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Update – SeaHelp about the Coronavirus: The current situation in Croatia, Slovenia, Italy

SeaHelp Update: Coronavirus
Almost every hour the news about the Coronavirus changes. While public life in Italy has almost collapsed, the situation in the countries bordering the Adriatic Sea needs to be considered in a more differentiated way. In view of the flood of daily changing information, SeaHelp has compiled a short list of the most important links at the end of this article, which reflect the current news situation on the topic of SARS-CoV-2 (Covid19).

The main interests of the owners of vessels located in the Adriatic Sea are probably some of the following: Can I currently still get to my vessel and how is it expected to be used during the summer months? Is it advisable to slowly start bringing the vessel out of its winter storage? Of course, SeaHelp cannot answer all these questions either. The status today (11.3.2020) is the following:


According to the Austrian automobile club ÖAMTC, persons entering Austria from Italy are currently required to present a health certificate, not older than four days, confirming that they have been tested negative for the Coronavirus. The ÖAMTC continued: “If no health certificate can be presented, Austrian citizens or persons who have a main or secondary residence in Austria may enter the country only, if they immediately enter a 14-day quarantine”. Under these conditions, the marinas in Italy are currently probably cut off from visitors from Austria. German citizens on their return journey from Italy can use Austria as a transit country if they leave the country without stopping. It is not possible to transit through Italy at the moment.


According to the Slovenian tourist office in Munich, there are only entry restrictions from Italy to Slovenia analogous to the Austrian measures. At the other border crossings, according to a spokesman, no special checks are currently carried out with regard to the Coronavirus; only people who are obviously ill are checked. As Slovenia does not currently regard neighbouring Croatia as a risk area for the spread of the Coronavirus, no further checks would be carried out at the Slovenian/Croatian border crossing points, which could currently lead to unusual disturbances in travel. In Slovenia 31 Coronavirus infections have been confirmed so far. Links in English can be found at the end of this article, they are updated daily.


On the Croatian side, the situation is currently still somewhat more relaxed: 16 confirmed cases of Coronavirus infections are being treated there in isolation at present, the County of Istria has also cancelled all public, cultural and sporting events until 14 April, Italian citizens who want to enter Croatia can only do so after they have been quarantined for 14 days, as the German-language media portal HRT reports, citing sources close to the government. The closure of schools, kindergartens and universities is being considered.

In general:

As things stand at present, there is nothing to prevent entry from Austria to Croatia via Slovenia. However, it seems advisable to use the following links to obtain up-to-date information, as the situation can change constantly.

Current information about the Coronavirus

News page of the Slovenian Tourism Agency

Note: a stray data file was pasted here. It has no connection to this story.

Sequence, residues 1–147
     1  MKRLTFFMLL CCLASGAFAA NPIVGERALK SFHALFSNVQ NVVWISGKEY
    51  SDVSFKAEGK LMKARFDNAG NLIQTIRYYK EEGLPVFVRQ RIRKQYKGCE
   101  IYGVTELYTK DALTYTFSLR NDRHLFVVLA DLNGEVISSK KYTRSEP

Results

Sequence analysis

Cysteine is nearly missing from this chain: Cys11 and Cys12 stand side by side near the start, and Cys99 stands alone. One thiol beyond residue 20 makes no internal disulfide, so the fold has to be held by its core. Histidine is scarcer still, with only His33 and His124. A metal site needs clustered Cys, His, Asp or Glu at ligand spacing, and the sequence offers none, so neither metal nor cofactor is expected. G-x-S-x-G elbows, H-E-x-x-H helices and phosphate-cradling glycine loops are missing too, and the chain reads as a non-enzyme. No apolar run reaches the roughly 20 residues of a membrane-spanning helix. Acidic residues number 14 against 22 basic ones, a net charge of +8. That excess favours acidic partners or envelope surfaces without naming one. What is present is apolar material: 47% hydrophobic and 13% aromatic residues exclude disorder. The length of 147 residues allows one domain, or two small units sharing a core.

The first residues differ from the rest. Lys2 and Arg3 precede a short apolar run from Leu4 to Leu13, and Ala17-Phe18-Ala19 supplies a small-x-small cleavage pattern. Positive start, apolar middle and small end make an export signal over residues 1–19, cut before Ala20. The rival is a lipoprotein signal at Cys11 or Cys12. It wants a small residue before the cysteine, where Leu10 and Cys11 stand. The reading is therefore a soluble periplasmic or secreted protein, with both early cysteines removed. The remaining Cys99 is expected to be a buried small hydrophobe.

German-speaking Croatian News Portal (HRT) “Voice of Croatia”
This article is an update to the already published article:
Coronavirus and travel law – first case in Croatia confirmed!

Statements of leading virologists

SeaHelp has contacted leading virologists to inquire whether a decrease in Coronavirus activity can be expected as temperatures rise. Here are the answers:

The Berlin virologist Christian Drosten (Charité Berlin) agreed with the following words: “…the dryness and UV-radiation make transmission events less frequent…!” In addition, the increased stay outside in spring and summer should reduce the possibility of infection. The German Society of Virology also agrees with this, at least to a certain extent, by pointing out the increased spread of conventional influenza viruses in the winter months, although this does not necessarily apply to the Coronavirus.

Statement press office of the Society of Virology based in Stuttgart:

“It is true that some virologists/infectiologists suspect that the incidence of infection might decrease with warmer temperatures. However, even among experts there are different opinions. The current estimates of the major epidemic control authorities should apply: It is not yet known whether weather and temperature will affect the spread of COVID-19. Some other viruses, such as the common cold and flu, spread more strongly in the cold months, but this does not mean that it is impossible to fall ill with these viruses in other months. It is currently not known whether the spread of COVID-19 decreases in warmer weather. There is much more to be learned about the transmissibility, severity and other characteristics associated with COVID-19, and research is ongoing.

Statement Press Office of the Robert Koch Institute based in Berlin:

Regarding the weather: Nothing is yet known about a possible seasonality of the new Coronavirus. It is possible that rising temperatures have a certain mitigating effect, but that is not the only factor influencing the spread. An exact temperature cannot be given.


How the situation will develop in the future is something the leading virologists understandably did not want to commit themselves to. However, their statements and their own knowledge of the activity of the influenza viruses in winter at least suggest that the number of new infections could drop dramatically with the first rays of spring sunshine. SeaHelp will be keeping you up to date on this.

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